12.12.10

Sultan Of Surly Piss Is All That’s Left From FDA Jerk’s Golden Shower Of Hits

Posted in Baseball, The Law at 11:44 am by

(one of these years, I will become tired of using a photo of the wrong Greg Anderson. Not this year, however)

Barry Bonds’ forthcoming perjury trial aside, the New York Daily News’ Christian Red and Nathaniel Vinton report the federal government will not seek to use drug-testing records seized from Major League Baseball in 2004

Justice Department spokesperson Tracy Schmaler told The Associated Press that the government will not go to the Supreme Court seeking to reverse rulings by a series of court panels that declared the government’s seizure unconstitutional. The seizure of Bonds’ records was not challenged, and prosecutors plan to use them as evidence at the slugger’s long-awaited San Francisco trial this spring.

Paula Canny, the San Francisco attorney who has represented Bonds’ former trainer Greg Anderson, said that the decision means that even if there is smoking-gun evidence in the records, it will never be admissible in courts unless it relates to players originally named in search warrants drafted in 2004.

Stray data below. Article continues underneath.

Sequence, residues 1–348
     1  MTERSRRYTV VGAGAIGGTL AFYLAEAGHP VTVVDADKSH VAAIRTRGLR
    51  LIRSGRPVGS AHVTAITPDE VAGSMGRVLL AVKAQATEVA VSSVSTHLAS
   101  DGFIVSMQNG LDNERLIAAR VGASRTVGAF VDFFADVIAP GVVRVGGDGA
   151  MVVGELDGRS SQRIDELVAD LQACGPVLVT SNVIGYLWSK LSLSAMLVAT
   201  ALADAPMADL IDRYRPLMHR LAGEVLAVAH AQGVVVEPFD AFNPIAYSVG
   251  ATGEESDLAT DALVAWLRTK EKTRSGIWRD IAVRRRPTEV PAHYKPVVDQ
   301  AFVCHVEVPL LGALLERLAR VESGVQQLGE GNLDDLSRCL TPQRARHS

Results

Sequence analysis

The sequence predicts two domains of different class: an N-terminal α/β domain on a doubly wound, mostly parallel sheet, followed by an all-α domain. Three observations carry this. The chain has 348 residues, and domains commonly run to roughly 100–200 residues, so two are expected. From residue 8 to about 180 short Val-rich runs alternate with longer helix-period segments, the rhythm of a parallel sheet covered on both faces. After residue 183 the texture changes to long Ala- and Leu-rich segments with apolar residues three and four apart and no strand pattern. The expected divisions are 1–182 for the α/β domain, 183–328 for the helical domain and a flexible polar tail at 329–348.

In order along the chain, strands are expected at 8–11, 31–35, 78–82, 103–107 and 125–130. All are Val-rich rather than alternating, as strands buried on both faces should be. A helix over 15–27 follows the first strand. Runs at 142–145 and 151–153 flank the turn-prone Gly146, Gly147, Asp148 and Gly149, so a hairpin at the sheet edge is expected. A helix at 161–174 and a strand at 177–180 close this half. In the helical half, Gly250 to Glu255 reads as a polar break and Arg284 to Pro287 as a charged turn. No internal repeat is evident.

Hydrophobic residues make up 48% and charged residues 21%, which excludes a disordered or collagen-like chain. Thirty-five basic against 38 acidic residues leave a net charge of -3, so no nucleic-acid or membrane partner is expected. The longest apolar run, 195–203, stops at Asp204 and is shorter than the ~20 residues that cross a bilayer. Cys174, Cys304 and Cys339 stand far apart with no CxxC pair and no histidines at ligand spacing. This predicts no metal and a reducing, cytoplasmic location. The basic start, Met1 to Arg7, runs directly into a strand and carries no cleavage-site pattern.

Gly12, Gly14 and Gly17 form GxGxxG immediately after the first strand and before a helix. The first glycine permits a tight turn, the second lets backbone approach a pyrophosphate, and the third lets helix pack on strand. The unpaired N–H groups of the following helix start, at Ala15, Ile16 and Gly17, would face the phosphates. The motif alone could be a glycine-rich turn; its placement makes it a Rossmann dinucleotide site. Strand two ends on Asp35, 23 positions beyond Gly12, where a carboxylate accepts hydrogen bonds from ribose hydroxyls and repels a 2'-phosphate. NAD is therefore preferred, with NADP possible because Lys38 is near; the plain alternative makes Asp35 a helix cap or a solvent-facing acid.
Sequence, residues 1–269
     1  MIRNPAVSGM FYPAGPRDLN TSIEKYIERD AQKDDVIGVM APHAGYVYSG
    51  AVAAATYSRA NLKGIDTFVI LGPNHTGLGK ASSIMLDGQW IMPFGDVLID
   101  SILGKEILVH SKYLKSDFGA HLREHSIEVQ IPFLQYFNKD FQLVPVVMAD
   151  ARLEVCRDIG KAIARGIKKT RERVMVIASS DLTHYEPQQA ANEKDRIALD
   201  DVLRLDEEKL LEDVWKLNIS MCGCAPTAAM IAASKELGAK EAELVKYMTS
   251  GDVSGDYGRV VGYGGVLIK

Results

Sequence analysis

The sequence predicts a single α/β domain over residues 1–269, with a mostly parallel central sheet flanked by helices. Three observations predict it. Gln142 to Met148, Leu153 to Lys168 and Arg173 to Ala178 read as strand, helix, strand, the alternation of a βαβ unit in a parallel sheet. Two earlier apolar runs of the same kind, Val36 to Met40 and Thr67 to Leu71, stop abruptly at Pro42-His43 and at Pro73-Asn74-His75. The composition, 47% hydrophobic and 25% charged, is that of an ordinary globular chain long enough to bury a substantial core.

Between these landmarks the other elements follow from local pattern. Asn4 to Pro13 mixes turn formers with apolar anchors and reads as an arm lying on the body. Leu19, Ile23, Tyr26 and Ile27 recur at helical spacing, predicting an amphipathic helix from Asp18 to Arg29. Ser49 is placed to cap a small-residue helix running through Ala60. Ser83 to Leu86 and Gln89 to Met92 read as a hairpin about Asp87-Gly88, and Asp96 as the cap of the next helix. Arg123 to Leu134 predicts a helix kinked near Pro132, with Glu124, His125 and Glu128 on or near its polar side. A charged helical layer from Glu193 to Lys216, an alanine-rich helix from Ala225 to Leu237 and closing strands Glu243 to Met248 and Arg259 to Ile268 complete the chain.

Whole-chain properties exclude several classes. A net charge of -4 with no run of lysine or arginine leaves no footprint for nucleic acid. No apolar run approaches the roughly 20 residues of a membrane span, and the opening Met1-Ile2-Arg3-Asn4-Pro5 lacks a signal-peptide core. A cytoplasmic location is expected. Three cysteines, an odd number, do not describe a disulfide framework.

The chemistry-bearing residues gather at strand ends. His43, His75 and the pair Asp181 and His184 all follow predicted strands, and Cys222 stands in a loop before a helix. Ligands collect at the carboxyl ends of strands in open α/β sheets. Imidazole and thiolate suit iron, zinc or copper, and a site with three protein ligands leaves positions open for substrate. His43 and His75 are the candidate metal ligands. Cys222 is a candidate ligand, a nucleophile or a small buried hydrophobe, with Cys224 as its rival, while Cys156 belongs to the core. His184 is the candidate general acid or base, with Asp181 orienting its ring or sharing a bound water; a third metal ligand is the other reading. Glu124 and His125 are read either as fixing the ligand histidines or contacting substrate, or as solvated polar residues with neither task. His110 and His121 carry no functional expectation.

“It means,” Canny said, “that if they got Roger Clemens’ urine sample, they can’t use it. If they got Miguel Tejada’s urine sample, they can’t use it. None of it (beyond 10 players named on search warrants) is admissible.”

Canny, whose client has been jailed several times for refusing to testify about Bonds, said that the case “affects every single American” by reinforcing limits on what federal agents can do as they move into realms that citizens may consider private. She said the solicitor general’s decision not to appeal to the Supreme Court was “an appropriate concession by the government of the wrongdoing of their agent (FDA  investigator Jeff Nowitzky)

“What this means is the government, when they go to search an entity, and there’s probable cause to search Person X, it doesn’t mean that they can take Person Y or Person Z’s stuff too,” said Canny. “They shouldn’t appeal, because No. 1, they’ll lose. And No. 2, what they did was wrong. It’s nice that they conceded their wrongdoing.”

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